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This question already has an answer here:

$$\mathbb N =\bigcup_{j\in \mathbb N}\Delta_j $$ where each $\Delta_j$ is an infinite subset of $\mathbb N$ and $\Delta_j\cap \Delta_i=\Phi \ for\ i\neq j.$

Now what I need is a few examples of such decompositions. The only one I can think of now is the collection of the odd numbers and the even numbers. That satisfies it.

Another possibility I was considering was like this ::

$$\Delta_1=2\mathbb N\\ \Delta_2=3\mathbb N \backslash \Delta_1\\ \Delta_3=5\mathbb N\backslash (\Delta_1\cup\Delta_2)\\.\\.\\.\\.\\.\\.\\so\ \ on.$$ The technique here is for any arbitrary $k$ , $\Delta_k=p\mathbb N\backslash \left(\bigcup_{i=1}^{k-1}\Delta_i\right)$. Clearly I can see all these sets are mutually disjoint and also infinite since there are infinitely many prime numbers.

So , are there any other construction of this kind possible $?$ If so please let me know . Also , if there is any fault in my above construction point it out .

Thank you.

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marked as duplicate by Asaf Karagila elementary-set-theory Nov 14 '17 at 9:05

This question has been asked before and already has an answer. If those answers do not fully address your question, please ask a new question.

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    $\begingroup$ Not an answer to your question, but you may find this interesting: clearly I can only decompose $\mathbb{N}$ into countably many disjoint pieces. However, what if I weaken that requirement from "disjoint" to just "almost disjoint" - that is, I demand that $A\cap B$ be finite (not necessarily empty) for distinct $A, B$ in my collection? It turns out this has a huge effect - we can now get an uncountable almost disjoint family! See e.g. math.stackexchange.com/questions/1617178/…. $\endgroup$ – Noah Schweber Apr 17 '16 at 5:21
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    $\begingroup$ You appear to have forgotten $1$ in your decomposition, as it is not a multiple of any prime. Also, odds and evens doesn't satisfy since there are only two sets in that case and you need infinitely many. $\endgroup$ – Adam Hughes Apr 17 '16 at 5:23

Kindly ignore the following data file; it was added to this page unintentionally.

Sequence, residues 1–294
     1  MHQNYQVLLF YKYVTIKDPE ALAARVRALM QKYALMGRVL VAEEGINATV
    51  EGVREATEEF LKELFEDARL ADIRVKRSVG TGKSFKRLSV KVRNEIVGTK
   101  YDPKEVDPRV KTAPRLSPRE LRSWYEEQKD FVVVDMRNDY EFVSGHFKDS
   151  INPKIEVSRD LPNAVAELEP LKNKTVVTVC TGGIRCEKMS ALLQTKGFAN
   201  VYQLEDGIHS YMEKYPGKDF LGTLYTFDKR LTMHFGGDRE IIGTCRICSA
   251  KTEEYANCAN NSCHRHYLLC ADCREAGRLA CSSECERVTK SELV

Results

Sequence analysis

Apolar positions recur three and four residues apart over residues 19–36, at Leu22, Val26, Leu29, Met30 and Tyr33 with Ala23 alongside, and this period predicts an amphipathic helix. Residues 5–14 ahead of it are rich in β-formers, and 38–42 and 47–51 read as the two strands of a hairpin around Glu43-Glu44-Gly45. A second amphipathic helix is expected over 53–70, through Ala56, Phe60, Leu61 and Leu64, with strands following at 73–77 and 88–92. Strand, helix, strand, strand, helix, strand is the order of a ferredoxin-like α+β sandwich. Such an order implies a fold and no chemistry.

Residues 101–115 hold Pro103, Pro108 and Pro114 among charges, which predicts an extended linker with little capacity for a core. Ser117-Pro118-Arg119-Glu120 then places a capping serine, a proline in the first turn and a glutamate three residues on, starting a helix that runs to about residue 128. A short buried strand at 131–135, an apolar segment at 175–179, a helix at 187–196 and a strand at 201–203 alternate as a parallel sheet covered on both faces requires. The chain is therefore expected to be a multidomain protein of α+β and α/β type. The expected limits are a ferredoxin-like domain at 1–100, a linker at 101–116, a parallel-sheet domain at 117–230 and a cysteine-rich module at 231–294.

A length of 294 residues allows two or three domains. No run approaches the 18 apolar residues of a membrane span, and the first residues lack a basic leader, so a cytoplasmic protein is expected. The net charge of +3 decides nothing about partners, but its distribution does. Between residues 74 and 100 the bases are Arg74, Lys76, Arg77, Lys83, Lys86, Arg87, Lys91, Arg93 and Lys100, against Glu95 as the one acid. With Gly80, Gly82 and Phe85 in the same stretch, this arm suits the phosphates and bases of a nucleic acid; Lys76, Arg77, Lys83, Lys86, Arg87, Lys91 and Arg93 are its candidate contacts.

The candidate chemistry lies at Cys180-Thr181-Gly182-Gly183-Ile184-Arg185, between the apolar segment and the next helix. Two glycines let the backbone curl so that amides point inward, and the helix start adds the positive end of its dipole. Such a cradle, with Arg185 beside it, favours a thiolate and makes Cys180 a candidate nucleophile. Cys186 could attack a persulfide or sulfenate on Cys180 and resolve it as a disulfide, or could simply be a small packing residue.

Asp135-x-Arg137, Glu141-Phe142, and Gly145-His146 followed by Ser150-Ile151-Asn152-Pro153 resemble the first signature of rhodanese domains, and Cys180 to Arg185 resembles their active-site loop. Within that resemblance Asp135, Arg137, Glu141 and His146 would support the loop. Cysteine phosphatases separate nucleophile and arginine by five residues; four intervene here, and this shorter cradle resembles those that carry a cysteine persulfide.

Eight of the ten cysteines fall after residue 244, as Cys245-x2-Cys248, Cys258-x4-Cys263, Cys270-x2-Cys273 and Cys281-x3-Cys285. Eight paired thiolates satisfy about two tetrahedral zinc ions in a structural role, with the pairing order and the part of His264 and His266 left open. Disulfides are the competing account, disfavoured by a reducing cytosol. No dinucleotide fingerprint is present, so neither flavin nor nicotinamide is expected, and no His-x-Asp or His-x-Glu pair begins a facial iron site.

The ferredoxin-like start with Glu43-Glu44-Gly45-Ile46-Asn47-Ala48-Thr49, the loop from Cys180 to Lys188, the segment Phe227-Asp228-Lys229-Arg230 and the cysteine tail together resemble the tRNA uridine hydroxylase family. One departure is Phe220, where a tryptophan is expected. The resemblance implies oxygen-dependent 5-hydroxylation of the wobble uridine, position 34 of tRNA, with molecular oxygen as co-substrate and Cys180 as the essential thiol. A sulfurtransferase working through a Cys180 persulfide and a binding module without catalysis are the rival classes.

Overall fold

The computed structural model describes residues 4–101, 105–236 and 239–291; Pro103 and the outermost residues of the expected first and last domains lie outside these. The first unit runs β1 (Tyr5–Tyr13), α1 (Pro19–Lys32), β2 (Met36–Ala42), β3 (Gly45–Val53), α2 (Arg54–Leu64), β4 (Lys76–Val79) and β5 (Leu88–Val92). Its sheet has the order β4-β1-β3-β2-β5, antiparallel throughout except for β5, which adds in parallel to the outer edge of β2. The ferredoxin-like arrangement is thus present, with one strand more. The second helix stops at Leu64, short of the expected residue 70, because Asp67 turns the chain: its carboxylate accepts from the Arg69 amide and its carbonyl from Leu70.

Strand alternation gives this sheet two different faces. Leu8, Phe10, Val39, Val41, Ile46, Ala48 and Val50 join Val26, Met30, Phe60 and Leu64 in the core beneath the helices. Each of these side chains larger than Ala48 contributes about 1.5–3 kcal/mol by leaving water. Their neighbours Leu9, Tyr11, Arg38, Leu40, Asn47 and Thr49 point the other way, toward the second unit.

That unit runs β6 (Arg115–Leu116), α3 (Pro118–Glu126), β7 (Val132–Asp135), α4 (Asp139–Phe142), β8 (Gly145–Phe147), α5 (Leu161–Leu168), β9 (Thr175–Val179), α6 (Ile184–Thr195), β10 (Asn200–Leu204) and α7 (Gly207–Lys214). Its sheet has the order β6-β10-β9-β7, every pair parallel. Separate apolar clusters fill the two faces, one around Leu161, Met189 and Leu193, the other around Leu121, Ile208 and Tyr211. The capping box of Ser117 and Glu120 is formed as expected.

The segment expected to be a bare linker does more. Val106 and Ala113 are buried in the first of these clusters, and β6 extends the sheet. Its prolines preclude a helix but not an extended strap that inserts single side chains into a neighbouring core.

• $\begingroup$ @AdamHughes : So , my decomposition is totally wrong or is there some modification possible to make it work. I'm guessing I could choose $\Delta_1=\{1\}\cup 2\mathbb N.$ That would include $1$ and solve the problem . Right $?$ Or is there still some problem pls notify. $\endgroup$ – user118494 Apr 17 '16 at 10:16
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    $\begingroup$ @user118494 yeah, it's very easy to fix, that was just a minor quibble. Put $1$ into the first one and you're golden. $\endgroup$ – Adam Hughes Apr 17 '16 at 15:16
  • $\begingroup$ See also math.stackexchange.com/questions/12629/… adn math.stackexchange.com/questions/1750432/… $\endgroup$ – Martin Sleziak Apr 20 '16 at 2:55
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For every $j\ge 1$, let $\Delta_j$ consist of all natural numbers of the form $2^{j-1} m$, where $m$ is odd.

Remarks: $1.$ This can be used to produce a simple bijection between $\mathbb{N}$ and $\mathbb{N}\times \mathbb{N}$.

$2.$ You can get an interesting example of a different character by using the Cantor Pairing Function. Note that the linked article includes $0$ among the natural numbers, so you will have to modify it a little if you want $\mathbb{N}$ to exclude $0$.

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  • $\begingroup$ For a $\Delta_j$ , when $j$ is fixed, and $m$ varies over the odd numbers ? $\endgroup$ – user118494 Apr 20 '16 at 15:45
  • $\begingroup$ @user118494: If I understand your comment, then yes. For example $\Delta_3$ consists of the numbers $4,12,20,28,36,44,\dots$. $\endgroup$ – André Nicolas Apr 20 '16 at 15:59
  • $\begingroup$ You are welcome. $\endgroup$ – André Nicolas Apr 21 '16 at 6:35

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